The Louisiana Constitution says “Every bill, except the general appropriation bill and bills for the enactment, rearrangement, codification, or revision of a system of laws, shall be confined to one object. Every bill shall contain a brief title indicative of its object.”
Simple enough, in the Louisiana Constitution — until you get into politics.
Two lawsuits challenged the constitutionality of Gov. Bobby Jindal’s education bills from last year — both sweeping in their effects, and wrapped into only two bills, now Act 1 and Act 2 of 2012. Different judges differed on whether the “single object” rule was violated. The cases go to the Louisiana Supreme Court, but the issue of the “single object” rule is more important than the dispute over these two measures.
Why? First of all, because the Legislature’s own leadership did not object to the sweeping nature of the education bills, which each affected widely different sections in previous law. A concern ought to be whether the legislative leadership was taking its duties seriously only insofar as the governor allowed.
And that concern strikes at the heart of why this issue is important.
Why do many constitutions have the “single object” rule? Typically, it is to prevent legislatures from cobbling together bills that command a majority, based on the wisdom of “I’ll vote for your bill if it includes something I want.” Such “logrolling,” as it’s called by political scientists, isn’t in the public interest. Deals are cut; debate is shortened; executive review of the legislative body is difficult politically.
But Louisiana, as always, is a little different. The idea of avoiding legislative logrolling is certainly legitimate, but that is not the threat of legislative arrogance that the “single object” rule protects against. That hardly exists, when the governor handpicks leaders of committees and the House and Senate.
Rather, a “single object” rule stands in the way of a governor — uniquely powerful in Louisiana’s setup — wrapping his agenda into one or two bills and ramming them through the legislative process with little opportunity for full understanding and debate.
Which is, essentially, what Jindal did with Acts 1 and 2 of 2012.
More extensive debate and closer inspection of what was proposed might not have resulted in a different outcome on those measures. The governor was too powerful, lawmakers too supine, opposing interests confused and incoherent.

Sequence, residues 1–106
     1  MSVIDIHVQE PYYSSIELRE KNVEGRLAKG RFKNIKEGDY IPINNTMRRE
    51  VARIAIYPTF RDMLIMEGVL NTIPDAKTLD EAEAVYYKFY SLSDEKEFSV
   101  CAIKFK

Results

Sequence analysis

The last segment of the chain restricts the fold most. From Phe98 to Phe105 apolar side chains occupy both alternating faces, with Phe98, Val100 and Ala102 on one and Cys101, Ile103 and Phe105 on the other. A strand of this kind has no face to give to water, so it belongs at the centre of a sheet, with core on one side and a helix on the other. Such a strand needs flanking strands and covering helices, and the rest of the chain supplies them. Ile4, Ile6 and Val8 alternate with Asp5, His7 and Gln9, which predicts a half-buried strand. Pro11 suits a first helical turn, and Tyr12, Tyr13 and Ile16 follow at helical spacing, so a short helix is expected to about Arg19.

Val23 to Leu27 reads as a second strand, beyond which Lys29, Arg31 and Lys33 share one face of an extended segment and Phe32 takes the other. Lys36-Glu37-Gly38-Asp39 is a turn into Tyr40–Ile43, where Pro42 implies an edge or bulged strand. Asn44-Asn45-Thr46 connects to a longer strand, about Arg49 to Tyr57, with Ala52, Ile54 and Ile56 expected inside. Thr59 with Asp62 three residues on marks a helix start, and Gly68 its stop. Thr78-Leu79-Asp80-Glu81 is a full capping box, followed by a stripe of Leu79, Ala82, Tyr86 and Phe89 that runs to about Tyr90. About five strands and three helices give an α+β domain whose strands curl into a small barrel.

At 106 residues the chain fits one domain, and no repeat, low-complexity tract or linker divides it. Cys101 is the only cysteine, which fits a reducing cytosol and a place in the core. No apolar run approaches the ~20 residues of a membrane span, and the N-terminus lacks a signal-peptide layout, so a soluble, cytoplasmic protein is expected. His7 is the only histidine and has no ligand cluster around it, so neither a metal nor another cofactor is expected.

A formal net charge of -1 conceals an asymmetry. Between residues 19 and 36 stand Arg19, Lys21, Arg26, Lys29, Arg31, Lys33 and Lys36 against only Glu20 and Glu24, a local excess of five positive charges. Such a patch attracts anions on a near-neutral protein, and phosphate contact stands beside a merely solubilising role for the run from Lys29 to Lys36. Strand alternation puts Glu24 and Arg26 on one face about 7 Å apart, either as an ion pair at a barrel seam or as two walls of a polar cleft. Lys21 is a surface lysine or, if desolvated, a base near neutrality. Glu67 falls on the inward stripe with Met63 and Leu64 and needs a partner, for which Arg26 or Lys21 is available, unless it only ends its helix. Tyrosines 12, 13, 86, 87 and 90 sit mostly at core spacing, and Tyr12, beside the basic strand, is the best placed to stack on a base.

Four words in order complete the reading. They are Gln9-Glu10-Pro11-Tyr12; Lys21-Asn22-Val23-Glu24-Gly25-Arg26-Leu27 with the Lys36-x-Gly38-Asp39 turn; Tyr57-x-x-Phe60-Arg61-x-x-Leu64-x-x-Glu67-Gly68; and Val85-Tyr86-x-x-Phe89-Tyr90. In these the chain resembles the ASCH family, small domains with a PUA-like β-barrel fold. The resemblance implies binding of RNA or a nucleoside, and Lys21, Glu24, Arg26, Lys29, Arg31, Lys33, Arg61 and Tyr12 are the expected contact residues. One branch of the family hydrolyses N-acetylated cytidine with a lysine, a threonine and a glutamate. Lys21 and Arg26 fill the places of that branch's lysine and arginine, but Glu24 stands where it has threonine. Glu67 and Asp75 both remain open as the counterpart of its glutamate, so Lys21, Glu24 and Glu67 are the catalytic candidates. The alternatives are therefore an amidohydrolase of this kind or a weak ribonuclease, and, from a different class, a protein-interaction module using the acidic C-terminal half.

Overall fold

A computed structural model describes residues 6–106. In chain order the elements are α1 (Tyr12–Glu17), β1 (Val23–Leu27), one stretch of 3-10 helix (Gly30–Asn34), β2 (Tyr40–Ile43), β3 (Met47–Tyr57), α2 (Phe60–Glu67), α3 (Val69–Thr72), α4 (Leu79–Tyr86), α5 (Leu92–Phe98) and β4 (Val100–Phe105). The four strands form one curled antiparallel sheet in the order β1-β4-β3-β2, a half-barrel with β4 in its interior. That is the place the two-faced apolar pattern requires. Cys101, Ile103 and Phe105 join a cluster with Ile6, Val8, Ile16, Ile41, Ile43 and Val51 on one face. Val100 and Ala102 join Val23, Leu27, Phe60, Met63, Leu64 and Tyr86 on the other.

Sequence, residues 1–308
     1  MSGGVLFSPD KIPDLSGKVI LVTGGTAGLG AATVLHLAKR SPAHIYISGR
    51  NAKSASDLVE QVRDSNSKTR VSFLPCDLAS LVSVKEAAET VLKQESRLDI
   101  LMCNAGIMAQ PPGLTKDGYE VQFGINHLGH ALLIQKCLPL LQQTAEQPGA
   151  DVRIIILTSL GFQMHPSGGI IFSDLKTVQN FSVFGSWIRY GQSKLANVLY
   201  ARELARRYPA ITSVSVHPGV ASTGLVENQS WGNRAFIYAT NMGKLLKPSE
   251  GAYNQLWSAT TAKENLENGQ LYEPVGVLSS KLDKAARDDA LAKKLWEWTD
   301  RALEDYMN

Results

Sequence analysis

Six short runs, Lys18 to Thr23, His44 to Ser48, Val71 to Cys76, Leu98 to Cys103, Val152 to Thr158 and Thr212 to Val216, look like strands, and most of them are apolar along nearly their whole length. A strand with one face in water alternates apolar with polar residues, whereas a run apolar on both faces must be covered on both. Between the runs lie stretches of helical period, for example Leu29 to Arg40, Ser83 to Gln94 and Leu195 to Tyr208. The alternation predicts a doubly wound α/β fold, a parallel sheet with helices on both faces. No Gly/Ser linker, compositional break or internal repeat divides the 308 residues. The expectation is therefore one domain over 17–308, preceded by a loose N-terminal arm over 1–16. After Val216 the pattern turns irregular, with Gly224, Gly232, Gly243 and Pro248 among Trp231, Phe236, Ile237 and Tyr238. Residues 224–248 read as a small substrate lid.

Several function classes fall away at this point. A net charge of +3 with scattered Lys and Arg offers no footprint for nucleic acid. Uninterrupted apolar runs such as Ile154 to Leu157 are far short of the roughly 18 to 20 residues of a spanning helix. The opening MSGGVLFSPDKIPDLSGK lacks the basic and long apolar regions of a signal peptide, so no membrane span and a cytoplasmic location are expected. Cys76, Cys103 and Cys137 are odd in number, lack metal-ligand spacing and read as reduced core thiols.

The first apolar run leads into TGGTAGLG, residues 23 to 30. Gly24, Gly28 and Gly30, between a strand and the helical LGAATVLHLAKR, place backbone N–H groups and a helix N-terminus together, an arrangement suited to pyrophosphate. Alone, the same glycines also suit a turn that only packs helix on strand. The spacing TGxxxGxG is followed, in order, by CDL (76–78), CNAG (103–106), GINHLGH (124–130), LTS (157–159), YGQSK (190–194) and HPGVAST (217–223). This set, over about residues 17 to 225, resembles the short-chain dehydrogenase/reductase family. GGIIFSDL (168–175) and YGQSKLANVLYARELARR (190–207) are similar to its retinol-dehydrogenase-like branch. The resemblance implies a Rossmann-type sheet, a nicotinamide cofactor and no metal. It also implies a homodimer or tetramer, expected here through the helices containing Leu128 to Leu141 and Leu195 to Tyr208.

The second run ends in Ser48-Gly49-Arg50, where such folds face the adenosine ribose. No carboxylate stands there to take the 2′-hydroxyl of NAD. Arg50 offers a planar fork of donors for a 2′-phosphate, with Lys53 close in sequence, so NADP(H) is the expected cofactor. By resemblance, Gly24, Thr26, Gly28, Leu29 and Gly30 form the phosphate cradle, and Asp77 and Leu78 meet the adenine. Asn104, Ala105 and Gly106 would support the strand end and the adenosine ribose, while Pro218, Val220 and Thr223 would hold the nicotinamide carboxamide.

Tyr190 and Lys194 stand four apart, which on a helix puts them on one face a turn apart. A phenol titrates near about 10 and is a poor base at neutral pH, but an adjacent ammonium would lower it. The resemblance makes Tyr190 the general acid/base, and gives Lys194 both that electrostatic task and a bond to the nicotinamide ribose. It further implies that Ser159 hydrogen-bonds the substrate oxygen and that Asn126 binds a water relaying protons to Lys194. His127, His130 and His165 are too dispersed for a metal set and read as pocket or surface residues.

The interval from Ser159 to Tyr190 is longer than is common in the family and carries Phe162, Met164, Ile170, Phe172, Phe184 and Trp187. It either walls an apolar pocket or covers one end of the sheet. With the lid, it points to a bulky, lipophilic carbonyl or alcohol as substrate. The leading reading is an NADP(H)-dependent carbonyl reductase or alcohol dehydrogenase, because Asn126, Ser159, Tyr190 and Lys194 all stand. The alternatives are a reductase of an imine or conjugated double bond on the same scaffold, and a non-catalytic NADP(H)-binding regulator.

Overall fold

But we believe, and urged then, that most parts of the governor’s proposals should be single bills and debated separately, so that lawmakers and citizens would know more about the proposals. Any number of issues wrapped in the education bills could have been the occasion for daylong, or longer, hearings in the education committees of House and Senate.
Whatever the final outcome of the lawsuits on the education bills, it is already clear that legislators have come to a better understanding of what the lax enforcement of a “single object” rule can do to them. In discussions with Jindal and his aides on the ideas for tax changes in the upcoming session, the administration has heard loud and clear that the education debate should not be the model for the tax issues.
That is an implicit acknowledgment of the railroading of the education bills through the process in 2012. But this issue is not about, or only about, the concern about Jindal’s tax bills, but relates to any number of future bills that could come down from the Governor’s Office on the fourth floor of the State Capitol.
Lawmakers should find some way to make a statement that excessive power in the Governor’s Office cannot override the sensible constitutional mandate in the “single object” rule.
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